Common Cycling Injuries
Neck And Back Pain In Cyclists
Causes of back pain in cyclists
There are a multitude of factors that can contribute to neck and upper back pain in cyclists. These are often treatable once the underlying problem has been rectified. It may also be due to several factors that contribute to the pain, which may be attributed to intrinsic or extrinsic factors.
○ Poor posture while cycling
○ Riding a bike that does not fit
○ Not getting a bike-fit before riding a new bike (bike is too big or too small, saddle is too high or too low). When in doubt, do seek advice from a bike-fitter or mechanic at a reputable local bike shop.
○ Extended cycling distances (riding 100km for the first time)
○ Poor physical conditioning
○ A fall from your bicycle
What can happen if injuries are left untreated?
Cycling is an exciting and enjoyable sport. Untreated or poorly managed injuries may compromise your safety and enjoyment while cycling. If neck and upper back pain are left untreated, it may lead to chronic muscle cramps, difficulty sleeping at night and even headaches.
Injuries of the wrist or shoulder may cause difficulty controlling your bicycle. Ankle or knee pain might make it difficult for you to climb hills or detach your cycling cleats from your pedals. These injuries may increase the risk of falling and aggravating your injuries.
It is best to seek professional help if you are experiencing an injury to allow you to return to cycling sooner rather than later.
It is important to identify the cause of your neck and upper back pain from cycling.
Extrinsic factors such poor bike fit and ill-fitting equipment must be identified and rectified. During a clinical bike fit, the master bike-fitter will ensure your bike set up is optimised to allow efficient pedal strokes and performance. They will also advise you about your posture during rides as well as pedal techniques to prevent muscle and joint pains.
Muscle pain or tightness will improve after a period of rehabilitative physiotherapy and stretching. Well-trained physiotherapy will identify the tight muscles causing the pain and allow focused muscle relaxation and improved functioning. Physiotherapists can identify specific muscle, joint or ligament problems which impair your cycling performance.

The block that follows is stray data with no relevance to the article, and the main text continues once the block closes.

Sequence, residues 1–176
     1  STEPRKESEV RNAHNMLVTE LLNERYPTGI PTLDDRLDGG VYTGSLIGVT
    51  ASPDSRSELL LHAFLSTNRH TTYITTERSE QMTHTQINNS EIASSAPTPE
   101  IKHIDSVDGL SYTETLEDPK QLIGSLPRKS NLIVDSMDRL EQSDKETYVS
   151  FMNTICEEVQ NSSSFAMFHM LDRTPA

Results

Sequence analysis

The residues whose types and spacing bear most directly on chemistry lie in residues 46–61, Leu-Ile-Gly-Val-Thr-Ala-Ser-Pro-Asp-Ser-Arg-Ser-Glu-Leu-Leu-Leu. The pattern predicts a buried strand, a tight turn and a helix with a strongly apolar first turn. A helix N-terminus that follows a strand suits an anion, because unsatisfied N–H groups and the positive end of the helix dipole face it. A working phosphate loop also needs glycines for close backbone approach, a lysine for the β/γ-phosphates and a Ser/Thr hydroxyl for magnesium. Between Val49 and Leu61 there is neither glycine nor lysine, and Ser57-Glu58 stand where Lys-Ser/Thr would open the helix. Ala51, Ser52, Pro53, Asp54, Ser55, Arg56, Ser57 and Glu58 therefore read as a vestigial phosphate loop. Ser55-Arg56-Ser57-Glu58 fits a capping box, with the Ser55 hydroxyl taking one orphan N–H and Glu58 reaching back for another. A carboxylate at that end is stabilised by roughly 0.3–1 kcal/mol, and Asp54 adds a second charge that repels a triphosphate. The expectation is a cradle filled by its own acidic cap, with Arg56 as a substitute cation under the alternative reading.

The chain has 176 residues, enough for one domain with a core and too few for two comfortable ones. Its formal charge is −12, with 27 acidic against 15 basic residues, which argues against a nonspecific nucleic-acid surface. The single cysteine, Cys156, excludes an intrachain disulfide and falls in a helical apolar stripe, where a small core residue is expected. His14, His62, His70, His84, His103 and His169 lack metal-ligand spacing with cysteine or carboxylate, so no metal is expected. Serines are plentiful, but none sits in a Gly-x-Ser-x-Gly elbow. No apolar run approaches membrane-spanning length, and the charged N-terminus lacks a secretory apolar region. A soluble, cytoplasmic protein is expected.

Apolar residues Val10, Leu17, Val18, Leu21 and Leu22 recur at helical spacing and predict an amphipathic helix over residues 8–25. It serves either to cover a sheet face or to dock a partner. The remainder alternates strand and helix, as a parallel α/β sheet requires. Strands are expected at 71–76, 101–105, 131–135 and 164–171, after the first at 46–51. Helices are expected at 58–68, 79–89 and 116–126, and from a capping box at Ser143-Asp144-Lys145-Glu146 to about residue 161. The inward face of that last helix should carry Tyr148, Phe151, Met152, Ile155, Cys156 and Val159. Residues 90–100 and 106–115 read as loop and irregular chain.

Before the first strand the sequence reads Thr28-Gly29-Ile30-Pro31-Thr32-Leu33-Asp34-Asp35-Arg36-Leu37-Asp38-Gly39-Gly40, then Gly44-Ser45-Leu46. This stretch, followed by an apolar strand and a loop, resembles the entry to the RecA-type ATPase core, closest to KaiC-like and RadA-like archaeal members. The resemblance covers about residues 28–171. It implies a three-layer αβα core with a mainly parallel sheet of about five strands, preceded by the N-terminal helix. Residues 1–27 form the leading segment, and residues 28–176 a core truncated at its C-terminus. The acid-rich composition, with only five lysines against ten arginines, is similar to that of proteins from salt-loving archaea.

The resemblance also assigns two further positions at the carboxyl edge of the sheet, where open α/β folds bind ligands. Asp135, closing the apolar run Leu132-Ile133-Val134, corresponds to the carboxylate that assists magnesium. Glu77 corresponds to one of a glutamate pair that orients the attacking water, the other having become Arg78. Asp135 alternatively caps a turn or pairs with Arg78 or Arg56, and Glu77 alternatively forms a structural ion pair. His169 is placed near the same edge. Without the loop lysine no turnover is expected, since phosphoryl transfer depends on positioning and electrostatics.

Muscle imbalances can also affect the way you cycle and may lead to injuries. After releasing tight muscles, they may advice you no certain exercises or stretches to do ono your own to improve your muscle and cycling performance.
Regular passive and active range of motion exercises of the neck, upper back and shoulders will help alleviate the pain and tightness. This is something that you should do routinely during the course of your day. Well-conditioned and balanced muscle tone can help prevent injuries and improve your cycling performance.
It is also important to use good and comfortable pillows when you sleep. Your pillow should conform and support the curvature of your neck and spine.
The speed of your recovery depends on the cause of the injury and whether it has been correctly rectified. Anti-inflammatory medication and stretching exercises should help to reduce your neck and upper back pain before you return to cycling. It is also advisable to return to cycling by riding short distances with good posture to prevent recurrent pain.
What to do now while waiting for diagnosis/treatment?
Stop cycling for a while and practice passive and active stretching exercises of your neck, upper back and shoulders. These regular exercises will reduce the tightness in your muscles and allow for a more comfortable cycling posture.